India asks Tesla to make cars in India, assures full support
Tesla CEO Elon Musk (Photo by ODD ANDERSEN/AFP via Getty Images)
INDIAN transport minister Nitin Gadkari has said that US electric car-maker Tesla had been asked not to sell its China-make vehicles in India and instead make them in the South Asian country.
He also reportedly asked Elon Musk’s firm to export its cars made in India product.
The minister said: “I have told Tesla not to sell China-made electric cars in India. You should manufacture electric cars in India, and also export cars from India.”
He added that Tesla has been assured of all necessary support from the Indian government.
Tesla has been seeking a reduction of import duties in India, Musk has said on Twitter that his company’s plans to bring electric vehicles to India were hampered by the country’s high import duties.
“We want to do so, but import duties are the highest in the world by far of any large country!” he said.
The Indian government levies a 100 per cent import duty on cars. Completely built units (CBUs) attract customs duty ranging between 60 to 100 per cent, depending on the engine size and cost, insurance and freight value less or more of $40,000 (£29,382).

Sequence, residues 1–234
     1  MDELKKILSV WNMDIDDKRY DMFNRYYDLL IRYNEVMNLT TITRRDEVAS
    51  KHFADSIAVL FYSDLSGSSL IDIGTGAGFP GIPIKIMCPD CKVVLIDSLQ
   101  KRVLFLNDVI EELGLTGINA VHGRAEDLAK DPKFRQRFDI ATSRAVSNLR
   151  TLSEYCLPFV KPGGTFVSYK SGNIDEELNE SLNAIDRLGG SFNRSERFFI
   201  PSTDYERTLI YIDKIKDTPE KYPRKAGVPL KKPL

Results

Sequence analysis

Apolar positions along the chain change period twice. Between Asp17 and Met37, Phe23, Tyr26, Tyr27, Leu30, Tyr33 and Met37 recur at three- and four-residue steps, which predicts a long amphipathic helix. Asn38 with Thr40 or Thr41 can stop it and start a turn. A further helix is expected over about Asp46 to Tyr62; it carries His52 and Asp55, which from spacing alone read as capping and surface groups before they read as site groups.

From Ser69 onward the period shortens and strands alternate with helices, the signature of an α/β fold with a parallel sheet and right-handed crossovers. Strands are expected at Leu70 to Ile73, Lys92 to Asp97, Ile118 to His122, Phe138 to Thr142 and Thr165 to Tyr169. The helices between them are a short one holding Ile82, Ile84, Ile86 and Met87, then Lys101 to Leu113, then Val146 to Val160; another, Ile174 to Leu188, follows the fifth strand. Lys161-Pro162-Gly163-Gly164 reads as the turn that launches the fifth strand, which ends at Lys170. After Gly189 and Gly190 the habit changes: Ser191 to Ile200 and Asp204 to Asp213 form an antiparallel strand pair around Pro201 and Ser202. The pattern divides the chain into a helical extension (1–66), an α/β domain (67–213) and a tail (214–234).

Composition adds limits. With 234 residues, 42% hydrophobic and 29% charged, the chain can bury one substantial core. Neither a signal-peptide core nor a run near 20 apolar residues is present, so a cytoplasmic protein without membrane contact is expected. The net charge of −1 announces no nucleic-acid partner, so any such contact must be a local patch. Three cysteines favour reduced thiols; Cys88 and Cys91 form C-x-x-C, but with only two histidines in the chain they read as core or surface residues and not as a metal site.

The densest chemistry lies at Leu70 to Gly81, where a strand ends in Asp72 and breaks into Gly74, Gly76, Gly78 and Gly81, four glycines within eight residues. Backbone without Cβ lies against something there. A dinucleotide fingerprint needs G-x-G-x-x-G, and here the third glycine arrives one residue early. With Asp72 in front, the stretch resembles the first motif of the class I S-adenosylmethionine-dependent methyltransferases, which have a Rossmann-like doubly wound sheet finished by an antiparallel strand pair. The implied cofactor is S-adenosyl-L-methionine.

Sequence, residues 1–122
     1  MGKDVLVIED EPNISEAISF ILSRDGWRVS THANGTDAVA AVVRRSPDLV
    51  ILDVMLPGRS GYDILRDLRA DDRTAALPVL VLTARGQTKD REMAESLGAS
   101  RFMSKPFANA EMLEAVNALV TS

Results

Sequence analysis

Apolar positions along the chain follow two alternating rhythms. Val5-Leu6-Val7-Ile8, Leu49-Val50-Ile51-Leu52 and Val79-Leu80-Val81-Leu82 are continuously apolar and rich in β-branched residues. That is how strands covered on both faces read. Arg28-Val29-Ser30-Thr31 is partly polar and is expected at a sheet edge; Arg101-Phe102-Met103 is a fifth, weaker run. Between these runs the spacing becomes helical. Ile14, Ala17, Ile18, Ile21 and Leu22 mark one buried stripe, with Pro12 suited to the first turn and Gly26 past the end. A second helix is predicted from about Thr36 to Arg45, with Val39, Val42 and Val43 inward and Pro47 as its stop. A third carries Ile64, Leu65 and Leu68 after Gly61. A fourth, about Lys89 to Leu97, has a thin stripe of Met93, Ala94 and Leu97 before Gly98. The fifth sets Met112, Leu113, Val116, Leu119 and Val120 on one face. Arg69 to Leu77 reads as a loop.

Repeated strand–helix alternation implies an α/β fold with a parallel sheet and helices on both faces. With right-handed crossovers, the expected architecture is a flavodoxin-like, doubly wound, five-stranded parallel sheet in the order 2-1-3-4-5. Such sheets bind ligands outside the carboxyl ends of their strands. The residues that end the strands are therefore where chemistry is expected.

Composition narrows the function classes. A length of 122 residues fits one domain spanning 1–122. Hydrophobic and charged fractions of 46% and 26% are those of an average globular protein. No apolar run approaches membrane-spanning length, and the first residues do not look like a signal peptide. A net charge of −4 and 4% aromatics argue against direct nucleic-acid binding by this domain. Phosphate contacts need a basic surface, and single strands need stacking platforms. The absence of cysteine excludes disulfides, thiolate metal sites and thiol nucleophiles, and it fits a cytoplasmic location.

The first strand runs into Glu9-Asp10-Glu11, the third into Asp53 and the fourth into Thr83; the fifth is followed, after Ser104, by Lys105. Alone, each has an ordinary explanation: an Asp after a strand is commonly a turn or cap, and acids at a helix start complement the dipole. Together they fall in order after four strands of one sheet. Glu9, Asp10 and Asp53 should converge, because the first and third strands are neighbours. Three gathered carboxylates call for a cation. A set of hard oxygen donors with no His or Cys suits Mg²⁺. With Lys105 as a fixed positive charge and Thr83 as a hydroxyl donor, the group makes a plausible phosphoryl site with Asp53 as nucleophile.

The government charges the duties to protect the country’s domestic manufacturers and its stance has remained unchanged so far despite Musk’s appeal.
Tesla also told India’s road ministry that the effective import tariff of 110 per cent on vehicles with customs value of more than $40,000 was “prohibitive” to zero-emission vehicles.
Musk had also said that India treated clean-energy vehicles the same way as those run in diesel and petrol and called the stance inconsistent with its climate goals.
Tesla advised the Indian government to standardise tariffs on electric vehicles and scrap the social welfare surcharge levied on them. According to the company, such a move would facilitate India’s electric vehicle ecosystem without hurting the domestic makers.
Gadkari said he was holding talks with Tesla officials over their demand related to tax concessions. In September, he had asked the car-maker to begin manufacturing in India before consideration of any tax concession.
He also said that the Indian government is eyeing for 30 per cent electric vehicle sales penetration for private purchases, about 70 per cent for commercial purchases and 80 per cent for two- and three-wheelers by 2030. He added that there is an urgent need to decarbonise the transport sector.
The Indian minister also said that Tesla cars will be launched in India at a price of around Rs 3.5 million (£34,219).